The Becker-Posner blog delivers a one-two punch to inequality tub-thumpers. Other bloggers are blogged down with Mary McCarthy, the Duke lacrosse team, and Michael Hiltzik's sock puppetry, so let's check it out.
Becker's comments are aimed at the income inequality generally caused by the increasing gap in compensation between high-skilled and low-skilled workers. (He's not really responding, for example, to Krugmanesque resentment aimed against those at the tippy-top 99th-99.99th percentile of the income distribution.) His conclusion:
… the forces raising earnings inequality in the United States is [sic] on the whole beneficial because they were reflected higher returns to investments in education and other human capital.The flip side of this, I think, is that to reduce inequality at this scale would mean decreasing the differential returns on such investment somehow, probably via a state-decreed thumb on the scale; that doesn't sound like a hot idea.
Becker argues instead for educational reforms to increase the percentage of kids who get out of high school and move on to college. This is very similar to the kind of thing advocated by Smilin' Al Greenspan and disdained by Paul Krugman. (And discussed here last month.)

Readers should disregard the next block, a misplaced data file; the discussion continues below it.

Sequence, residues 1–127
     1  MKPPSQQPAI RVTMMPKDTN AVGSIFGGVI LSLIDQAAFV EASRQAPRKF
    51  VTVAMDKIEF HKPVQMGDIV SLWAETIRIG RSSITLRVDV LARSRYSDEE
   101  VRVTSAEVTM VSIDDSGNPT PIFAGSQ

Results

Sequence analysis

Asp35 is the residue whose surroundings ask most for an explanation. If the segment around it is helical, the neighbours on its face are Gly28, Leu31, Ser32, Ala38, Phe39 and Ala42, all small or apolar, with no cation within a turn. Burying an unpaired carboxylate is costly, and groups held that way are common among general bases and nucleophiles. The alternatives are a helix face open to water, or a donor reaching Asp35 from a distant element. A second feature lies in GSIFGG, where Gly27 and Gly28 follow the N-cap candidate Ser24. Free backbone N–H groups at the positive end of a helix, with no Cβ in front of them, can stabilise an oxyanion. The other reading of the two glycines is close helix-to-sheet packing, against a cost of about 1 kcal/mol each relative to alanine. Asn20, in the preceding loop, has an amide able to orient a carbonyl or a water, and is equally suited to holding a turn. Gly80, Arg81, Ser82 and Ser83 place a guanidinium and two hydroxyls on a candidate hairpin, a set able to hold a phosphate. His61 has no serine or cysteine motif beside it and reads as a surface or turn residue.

Posner starts where Becker leaves off, in a slightly more philosophical vein. He points out that, other things being equal (heh), we're likely to see an increase in income inequality driven by "differences in IQ, energy, health, social skills, character, ambition, physical attractiveness, talent, and luck." Active measures to "fix" such inequality, he argues, are likely to make us all poorer.
But it still might be a good idea to "fix" such inequality if it presented us with otherwise insurmountable social problems. Does it? The Pos (his friends call him "the Pos") argues convincingly that it almost certainly doesn't. Americans aren't particularly resentfully envious; the lower class isn't large enough to make the whole structure unstable; we're a considerably more egalitarian society in non-monetary measures.
Both mini-essays are well worth reading in full; click away! [Link to Becker via Poor & Stupid.]